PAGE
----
I ask u, how many formula 1 fans in china?????????

    the aspiration of 99.99999999% of chinese there is owning a motorbike and a car for the upper middle class. Formula 1? what is that (to them)

  4. #140
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    Quote Originally Posted by winstonchan

    If you and Cooler keeps on thinking that badminton is stuck in a chicken-an-egg cycle, then there's no way out to this topic. First of all, you yourself must believe that there is a way out, because Badminton IS popular in other countries like China and Denmark. Why? What have these countries done that US has not done? Why do the Chinese government, the Danish government, and now even the British government after Nathan Robertson and Gail Emms won medal in the Sydney Olympic, are pouring money into developing this sport? Why aren't the US government not doing anything? And the best example, the Brits have been so down in badminton until the MXD pair won an Olympic medal in 2000. They did not play for money. There is no money in Olympic. They played for National Pride. Money, fame, comes afterwards. The same in all sports and business.
    There is no money in education too (actually , it cost u money) but u go to school+university and write exams year after year for what, national pride too? Do a poll here and see how many players here play or seek improvement for national pride? I play for personal reason: my passion, my health, my entertainment. Note the word 'my'.

    The bolted statement of your is just so...... out of touch of reality, expecially the business part. Business exist only because of money. If Yonex management & staff work for free, then i'll agree with you.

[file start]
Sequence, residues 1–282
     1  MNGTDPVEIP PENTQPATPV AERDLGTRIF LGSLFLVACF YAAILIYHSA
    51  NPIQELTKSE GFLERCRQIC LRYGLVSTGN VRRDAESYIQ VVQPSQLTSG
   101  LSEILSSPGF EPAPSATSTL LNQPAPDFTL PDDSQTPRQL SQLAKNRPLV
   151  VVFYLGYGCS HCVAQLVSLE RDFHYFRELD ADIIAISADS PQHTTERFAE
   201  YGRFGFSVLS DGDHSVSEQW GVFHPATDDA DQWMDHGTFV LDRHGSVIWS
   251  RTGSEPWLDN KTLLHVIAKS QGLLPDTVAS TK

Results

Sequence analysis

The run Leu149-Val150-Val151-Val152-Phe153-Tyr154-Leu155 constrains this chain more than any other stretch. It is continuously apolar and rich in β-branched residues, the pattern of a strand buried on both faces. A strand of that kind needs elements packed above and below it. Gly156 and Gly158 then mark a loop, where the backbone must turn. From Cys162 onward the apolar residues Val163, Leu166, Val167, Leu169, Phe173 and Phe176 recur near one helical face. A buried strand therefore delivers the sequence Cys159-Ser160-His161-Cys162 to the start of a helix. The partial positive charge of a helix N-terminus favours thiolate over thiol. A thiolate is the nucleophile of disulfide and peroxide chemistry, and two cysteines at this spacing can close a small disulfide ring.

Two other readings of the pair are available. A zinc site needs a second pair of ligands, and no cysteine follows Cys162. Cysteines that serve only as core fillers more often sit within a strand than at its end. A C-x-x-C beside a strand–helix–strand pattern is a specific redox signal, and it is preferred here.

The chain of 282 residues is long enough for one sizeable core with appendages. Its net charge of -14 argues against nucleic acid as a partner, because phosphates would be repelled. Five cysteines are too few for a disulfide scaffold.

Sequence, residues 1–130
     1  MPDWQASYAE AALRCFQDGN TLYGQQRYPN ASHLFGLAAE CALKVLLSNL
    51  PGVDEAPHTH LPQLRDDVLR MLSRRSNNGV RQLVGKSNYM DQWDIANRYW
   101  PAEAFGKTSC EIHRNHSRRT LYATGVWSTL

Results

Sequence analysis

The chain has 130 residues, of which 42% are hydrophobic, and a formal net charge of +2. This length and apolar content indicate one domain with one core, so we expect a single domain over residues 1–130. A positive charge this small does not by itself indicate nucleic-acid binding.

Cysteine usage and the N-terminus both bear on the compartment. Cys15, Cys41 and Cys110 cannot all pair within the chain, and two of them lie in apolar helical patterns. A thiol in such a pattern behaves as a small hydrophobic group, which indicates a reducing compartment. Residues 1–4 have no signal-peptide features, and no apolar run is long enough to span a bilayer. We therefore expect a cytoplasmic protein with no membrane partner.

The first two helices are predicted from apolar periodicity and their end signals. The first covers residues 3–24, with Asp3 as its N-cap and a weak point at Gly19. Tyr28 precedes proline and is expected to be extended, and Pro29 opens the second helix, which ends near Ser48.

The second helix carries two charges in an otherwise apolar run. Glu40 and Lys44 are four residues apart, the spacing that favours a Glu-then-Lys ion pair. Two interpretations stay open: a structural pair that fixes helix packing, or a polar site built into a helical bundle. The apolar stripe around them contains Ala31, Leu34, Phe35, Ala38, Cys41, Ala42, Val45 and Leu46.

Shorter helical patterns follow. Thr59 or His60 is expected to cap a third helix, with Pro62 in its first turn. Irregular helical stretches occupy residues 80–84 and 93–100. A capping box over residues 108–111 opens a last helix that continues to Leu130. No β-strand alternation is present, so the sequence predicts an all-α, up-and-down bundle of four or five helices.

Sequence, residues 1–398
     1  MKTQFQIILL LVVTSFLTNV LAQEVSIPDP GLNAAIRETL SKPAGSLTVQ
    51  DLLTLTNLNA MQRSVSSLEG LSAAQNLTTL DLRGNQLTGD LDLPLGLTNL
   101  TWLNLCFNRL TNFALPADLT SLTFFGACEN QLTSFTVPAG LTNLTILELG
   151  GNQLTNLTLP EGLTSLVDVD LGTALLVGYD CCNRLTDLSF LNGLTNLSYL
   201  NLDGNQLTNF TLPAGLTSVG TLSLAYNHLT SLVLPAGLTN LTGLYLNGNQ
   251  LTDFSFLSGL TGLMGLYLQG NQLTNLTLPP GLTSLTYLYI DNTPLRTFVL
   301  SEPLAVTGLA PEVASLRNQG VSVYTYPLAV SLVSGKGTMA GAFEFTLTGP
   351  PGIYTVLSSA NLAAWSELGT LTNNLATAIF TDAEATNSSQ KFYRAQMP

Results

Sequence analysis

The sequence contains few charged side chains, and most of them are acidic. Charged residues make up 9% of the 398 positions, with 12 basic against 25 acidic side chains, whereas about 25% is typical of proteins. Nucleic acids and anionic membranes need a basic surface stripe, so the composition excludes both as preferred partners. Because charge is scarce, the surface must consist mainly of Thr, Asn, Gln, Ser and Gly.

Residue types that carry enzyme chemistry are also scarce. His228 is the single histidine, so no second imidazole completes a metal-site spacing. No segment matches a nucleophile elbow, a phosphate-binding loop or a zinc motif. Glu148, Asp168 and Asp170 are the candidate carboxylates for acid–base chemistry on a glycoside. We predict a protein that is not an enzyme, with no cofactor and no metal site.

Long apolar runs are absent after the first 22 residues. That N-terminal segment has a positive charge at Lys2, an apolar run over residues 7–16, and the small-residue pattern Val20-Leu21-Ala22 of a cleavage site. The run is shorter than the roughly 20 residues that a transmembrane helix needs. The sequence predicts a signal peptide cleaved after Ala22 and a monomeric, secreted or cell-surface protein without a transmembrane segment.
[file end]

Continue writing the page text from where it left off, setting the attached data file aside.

Last edited by cooler; 05-06-2005 at 07:49 PM.

  5. #141
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    Quote Originally Posted by cooler
    There is no money in education too (actually , it cost u money) but u go to school+university and write exams year after year for what, national pride too?
    It's not like anyone has a choice whether to go to school / college. It's mandatory to be in school at least until a certain age. Unlike badminton which is not a compulsory thing to do.

  6. #142
    Regular Member winstonchan's Avatar
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    Quote Originally Posted by cooler
    There is no money in education too (actually , it cost u money) but u go to school+university and write exams year after year for what, national pride too? Do a poll here and see how many players here play or seek improvement for national pride? I play for personal reason: my passion, my health, my entertainment. Note the word 'my'.

    The bolted statement of your is just so...... out of touch of reality, expecially the business part. Business exist only because of money. If Yonex management & staff work for free, then i'll agree with you.
    Ok, i agreed i made a mistake on making my statement where business is done with national pride. Business is not done with national pride, it's done for money (except the japanese who still see their brands as national pride).

  7. #143
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    Default quiz

    popular mainstream sports in US are basketball, baseball, hockey, football.
    Players and owners are there under contract.
    Everyone of those associations have had labor dispute (ie, strike).

    Quiz
    Did they strike for

    a) national pride
    b) fan appreciation
    c) betterment of the game
    d) self interest.

  8. #144
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    Quote Originally Posted by FEND.
    It's not like anyone has a choice whether to go to school / college. It's mandatory to be in school at least until a certain age. Unlike badminton which is not a compulsory thing to do.